When I started fishing in the surf, I had the absolute worst time casting my bait out. By the worst, I mean a cast that would go 50-70 yards max on my 11' Sea Striker Beach Runner, which at a rod of that height, I should be reaching out to 80-100 yards reasonably easy. In hindsight, I know that it was a combination of my casting form and my lack of finger control on the line that was causing that. To fix the problem with my lack of finger control, I had heard about something called a Breakaway Casting Cannon and decided that I would look it up to see what it was all about. BLUF: I like them and still use them occasionally.
I went onto Salt Strong first to see if anyone had a review about one (Salt Strong is one of the few places I like to get information from anglers out there fishing all the time), but sadly I came up empty. I posted asking for information, and one person replied that they had it and gave me a great rundown on them. I found a few things via Google but nothing that would give me the feel-good about picking one up. Then I had a conversation with a local angler, Tom, who gave me a bit of information about them, and I felt more confident in picking one up.
The shopping for these things turned out to be a little more aggravating than it should have. The price at the time was anywhere from $15-$30 depending on where you looked, and the vast majority were eBay. I luckily heard that The Sinker Guy had them in his shop, and they were on sale! Double win since I was already due for resupply on sinkers at the time. I placed my order and waited a couple of days before it arrived at my door (Chip does ship orders out fast, it is impressive).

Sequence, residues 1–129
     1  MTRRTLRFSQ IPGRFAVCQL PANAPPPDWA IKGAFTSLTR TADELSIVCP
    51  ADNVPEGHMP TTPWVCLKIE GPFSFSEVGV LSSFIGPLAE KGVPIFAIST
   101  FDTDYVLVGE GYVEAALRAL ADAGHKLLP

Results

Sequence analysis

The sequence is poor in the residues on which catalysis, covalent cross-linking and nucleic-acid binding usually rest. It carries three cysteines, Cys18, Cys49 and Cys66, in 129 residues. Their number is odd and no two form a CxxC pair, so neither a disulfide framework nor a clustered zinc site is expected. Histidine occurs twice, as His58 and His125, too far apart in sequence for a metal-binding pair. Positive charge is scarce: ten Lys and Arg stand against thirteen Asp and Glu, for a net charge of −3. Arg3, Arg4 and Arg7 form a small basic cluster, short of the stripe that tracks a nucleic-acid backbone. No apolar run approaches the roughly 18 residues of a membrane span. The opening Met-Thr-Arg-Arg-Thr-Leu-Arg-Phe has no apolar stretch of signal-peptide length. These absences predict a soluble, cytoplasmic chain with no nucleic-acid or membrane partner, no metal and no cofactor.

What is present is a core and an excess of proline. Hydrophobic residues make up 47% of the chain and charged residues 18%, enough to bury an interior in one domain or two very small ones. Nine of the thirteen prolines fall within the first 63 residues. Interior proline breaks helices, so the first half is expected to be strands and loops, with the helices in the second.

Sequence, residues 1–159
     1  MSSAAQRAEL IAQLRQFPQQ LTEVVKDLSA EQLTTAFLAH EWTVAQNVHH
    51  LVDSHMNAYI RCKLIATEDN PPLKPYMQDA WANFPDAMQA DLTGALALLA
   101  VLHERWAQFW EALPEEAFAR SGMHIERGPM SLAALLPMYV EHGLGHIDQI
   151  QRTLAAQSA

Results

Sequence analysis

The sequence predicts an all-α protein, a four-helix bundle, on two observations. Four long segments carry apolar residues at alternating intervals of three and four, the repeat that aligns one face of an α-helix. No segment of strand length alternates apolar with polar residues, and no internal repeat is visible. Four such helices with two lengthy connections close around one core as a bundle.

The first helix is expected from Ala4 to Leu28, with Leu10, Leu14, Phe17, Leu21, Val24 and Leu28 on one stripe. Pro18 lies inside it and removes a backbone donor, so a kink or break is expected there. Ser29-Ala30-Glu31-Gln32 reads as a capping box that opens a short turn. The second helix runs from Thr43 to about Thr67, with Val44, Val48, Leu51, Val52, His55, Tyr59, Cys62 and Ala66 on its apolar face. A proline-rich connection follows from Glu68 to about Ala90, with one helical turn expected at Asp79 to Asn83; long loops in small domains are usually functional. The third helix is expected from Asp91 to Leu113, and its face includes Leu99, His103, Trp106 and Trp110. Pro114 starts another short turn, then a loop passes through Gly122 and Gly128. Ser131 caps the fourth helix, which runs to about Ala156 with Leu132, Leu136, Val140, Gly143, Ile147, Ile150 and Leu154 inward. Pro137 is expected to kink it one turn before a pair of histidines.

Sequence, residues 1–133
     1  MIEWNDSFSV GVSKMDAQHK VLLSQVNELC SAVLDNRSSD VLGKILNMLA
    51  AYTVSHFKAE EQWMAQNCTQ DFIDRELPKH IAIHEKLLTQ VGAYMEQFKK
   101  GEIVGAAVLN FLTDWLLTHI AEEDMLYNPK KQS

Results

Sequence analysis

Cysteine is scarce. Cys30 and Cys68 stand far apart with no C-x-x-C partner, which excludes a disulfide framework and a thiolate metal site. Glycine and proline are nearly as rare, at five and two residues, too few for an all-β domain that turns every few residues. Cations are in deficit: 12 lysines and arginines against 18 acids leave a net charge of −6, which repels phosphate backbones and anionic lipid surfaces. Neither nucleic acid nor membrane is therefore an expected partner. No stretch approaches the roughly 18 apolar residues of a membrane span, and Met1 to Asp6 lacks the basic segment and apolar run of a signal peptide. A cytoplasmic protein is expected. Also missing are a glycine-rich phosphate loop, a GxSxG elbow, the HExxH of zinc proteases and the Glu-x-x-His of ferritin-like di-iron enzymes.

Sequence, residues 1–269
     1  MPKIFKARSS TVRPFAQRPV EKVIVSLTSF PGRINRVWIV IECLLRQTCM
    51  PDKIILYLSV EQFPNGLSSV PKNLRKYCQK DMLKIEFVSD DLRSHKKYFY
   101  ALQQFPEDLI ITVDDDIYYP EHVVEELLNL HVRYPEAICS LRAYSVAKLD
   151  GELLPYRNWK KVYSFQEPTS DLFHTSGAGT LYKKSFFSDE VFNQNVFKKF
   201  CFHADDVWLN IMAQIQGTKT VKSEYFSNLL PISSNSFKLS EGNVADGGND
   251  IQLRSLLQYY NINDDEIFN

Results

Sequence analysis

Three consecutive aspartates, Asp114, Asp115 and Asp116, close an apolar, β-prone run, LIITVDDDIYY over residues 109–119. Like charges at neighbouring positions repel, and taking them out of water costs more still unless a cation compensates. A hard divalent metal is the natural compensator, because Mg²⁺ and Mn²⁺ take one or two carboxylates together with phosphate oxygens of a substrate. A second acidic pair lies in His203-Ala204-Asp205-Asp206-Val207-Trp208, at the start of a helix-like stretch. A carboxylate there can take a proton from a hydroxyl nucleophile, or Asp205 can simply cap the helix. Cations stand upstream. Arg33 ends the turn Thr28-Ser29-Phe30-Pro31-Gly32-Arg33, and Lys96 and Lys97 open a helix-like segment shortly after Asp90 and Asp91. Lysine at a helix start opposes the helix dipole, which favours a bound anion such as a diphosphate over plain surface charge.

When it arrived, I went out and installed it on my 11' Beach Runner and my 12' Ugly Stick. I attached it with two zip ties directly behind the bail and at a position that I would typically hold my finger when holding the line. This seemed like the most obvious place to set it up for casting, right? I learned that position is not the most ideal (we will get to that a little later). It also interferes with my grip on the rod while reeling in, so I had to adjust myself to make it work. This should have been a red flag, but I had a new toy, and I wanted to use it.